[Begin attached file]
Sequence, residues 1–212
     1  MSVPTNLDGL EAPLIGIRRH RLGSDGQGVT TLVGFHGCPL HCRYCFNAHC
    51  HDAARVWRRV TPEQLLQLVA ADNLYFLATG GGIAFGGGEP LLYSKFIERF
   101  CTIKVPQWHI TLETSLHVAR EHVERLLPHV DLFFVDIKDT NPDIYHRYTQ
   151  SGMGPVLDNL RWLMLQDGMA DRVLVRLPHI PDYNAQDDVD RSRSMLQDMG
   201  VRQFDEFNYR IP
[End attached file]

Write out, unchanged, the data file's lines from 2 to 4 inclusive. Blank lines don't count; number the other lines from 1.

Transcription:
     1  MSVPTNLDGL EAPLIGIRRH RLGSDGQGVT TLVGFHGCPL HCRYCFNAHC
    51  HDAARVWRRV TPEQLLQLVA ADNLYFLATG GGIAFGGGEP LLYSKFIERF
   101  CTIKVPQWHI TLETSLHVAR EHVERLLPHV DLFFVDIKDT NPDIYHRYTQ